Surgical Repair Using Suture Bridge Technique for Triceps Tendon Avulsion
Triceps tendon avulsion is a rarely occurring tendinous injury. Various surgical procedures, such as repair using sutures through the transosseous tunnel or suture anchors, have been reported for treating triceps tendon avulsion. However, standard surgical treatment has not yet been established. Here, we present a case of triceps tendon avulsion treated using the suture bridge technique. A 58-year-old man who fell on his left elbow from standing height presented to our hospital. Plain radiography revealed an avulsion fracture of the left olecranon process, suggesting triceps tendon avulsion. We performed surgical repair of the avulsed bone fragments and ruptured triceps tendon. We inserted suture anchors into the ulna, proximal to the fracture site, and passed the sutures through the full thickness of the triceps. Subsequently, fracture fragments were reduced and fixed by pulling them together with the triceps. We inserted knotless anchors into the ulna distal to the fracture site and fixed the avulsed bone fragments and triceps tendon using the suture bridge technique. The patient recovered well in five months and reported no elbow pain or limited range of motion. This suture bridge technique is advantageous as it prevents iatrogenic fracture and knot irritation, and it would be indicated in cases with poor bone quality or thin skin soft tissue of the olecranon.
Triceps tendon rupture occurs rarely, accounting for less than 0.8% of all upper limb tendon injuries . The injury is thought to be caused by eccentric load on the triceps during a fall on an outstretched arm . Since the site of rupture is most commonly located at osseous insertion, patients with triceps tendon rupture often present with avulsion fractures of the olecranon process .
Tears involving >50% of the tendon or complete ruptures are considered an indication for surgical treatment [2, 4]. To date, repair using sutures through transosseous tunnels or suture anchors has been predominantly reported; however, standard surgical treatment has not yet been established.
Here, we present a case of triceps tendon avulsion, wherein we used the suture bridge technique, which is often performed for avulsion fractures of the greater tuberosity.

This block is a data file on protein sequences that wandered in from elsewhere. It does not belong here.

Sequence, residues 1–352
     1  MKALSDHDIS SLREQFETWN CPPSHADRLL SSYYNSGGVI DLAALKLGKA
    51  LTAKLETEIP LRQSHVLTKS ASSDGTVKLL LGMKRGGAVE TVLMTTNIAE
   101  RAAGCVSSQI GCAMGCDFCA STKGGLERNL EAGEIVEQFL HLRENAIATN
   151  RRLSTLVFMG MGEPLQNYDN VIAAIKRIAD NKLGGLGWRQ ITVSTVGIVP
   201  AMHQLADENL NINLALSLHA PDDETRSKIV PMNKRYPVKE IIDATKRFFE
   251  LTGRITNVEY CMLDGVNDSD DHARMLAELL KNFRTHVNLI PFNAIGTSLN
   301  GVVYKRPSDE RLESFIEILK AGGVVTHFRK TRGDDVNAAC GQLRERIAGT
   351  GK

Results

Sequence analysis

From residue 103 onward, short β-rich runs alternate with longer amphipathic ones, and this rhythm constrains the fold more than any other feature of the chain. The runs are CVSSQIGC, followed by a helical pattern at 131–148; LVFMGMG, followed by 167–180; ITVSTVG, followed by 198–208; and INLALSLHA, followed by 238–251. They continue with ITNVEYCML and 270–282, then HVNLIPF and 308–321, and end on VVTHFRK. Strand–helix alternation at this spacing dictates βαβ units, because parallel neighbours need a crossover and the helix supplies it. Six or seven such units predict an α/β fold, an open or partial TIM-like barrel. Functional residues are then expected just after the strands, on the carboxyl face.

2. Case Presentation
A 58-year-old man who fell on his left elbow from a standing height presented to our hospital. The patient had a history of epilepsy that was well-controlled via pharmacotherapy. Physical examination demonstrated difficulty in moving the left elbow due to pain. There were no findings suggestive of nerve or vascular injury. Plain radiography revealed an avulsion fracture of the left olecranon process (Figures 1(a) and 1(b)). Computed tomography revealed small, avulsed fragments with comminuted bone (Figure 1(c)). These imaging findings suggested an avulsion fracture of the olecranon at the site of attachment of the triceps brachii tendon. Therefore, we performed an open reduction and internal fixation.
The patient underwent general anesthesia and was placed in the right lateral decubitus position. A curvilinear posterior midline incision was made over the left olecranon (curved to the radial side over the olecranon to avoid direct incision over the tip of the bone). The avulsed bone fragments were dislocated and attached to the triceps brachii tendon. The fracture fragments were temporarily flipped with the triceps brachii, and the fracture site was freshened (Figure 2(a)). We inserted two JuggerKnot® anchors (Zimmer Biomet, Warsaw, IN, USA) into the ulna, proximal to the fracture site (Figure 2(b)). Sutures were passed through the full thickness of the triceps, and the dislocated bone fragments were reduced by pulling them together with the triceps brachii. With the elbow kept in the reduced position of 45° of flexion, we inserted two Quattro® Link Knotless anchors (Zimmer Biomet, Warsaw, IN, USA) into the ulna distal to the fracture site and fixed the dislocated bone fragments using the suture bridge technique (Figure 2(c)). Postoperative plain radiography demonstrated that the avulsion fracture fragments were reduced (Figure 3). After surgery, the elbow was fixed at 90° for 3 weeks prior to the start of the range of motion exercises. Two months after surgery, weight bearing was permitted. Five months after surgery, the patients had no elbow pain or limited range of motion (flexion 0°, extension 150°), and the Mayo Elbow Performance Score was 100.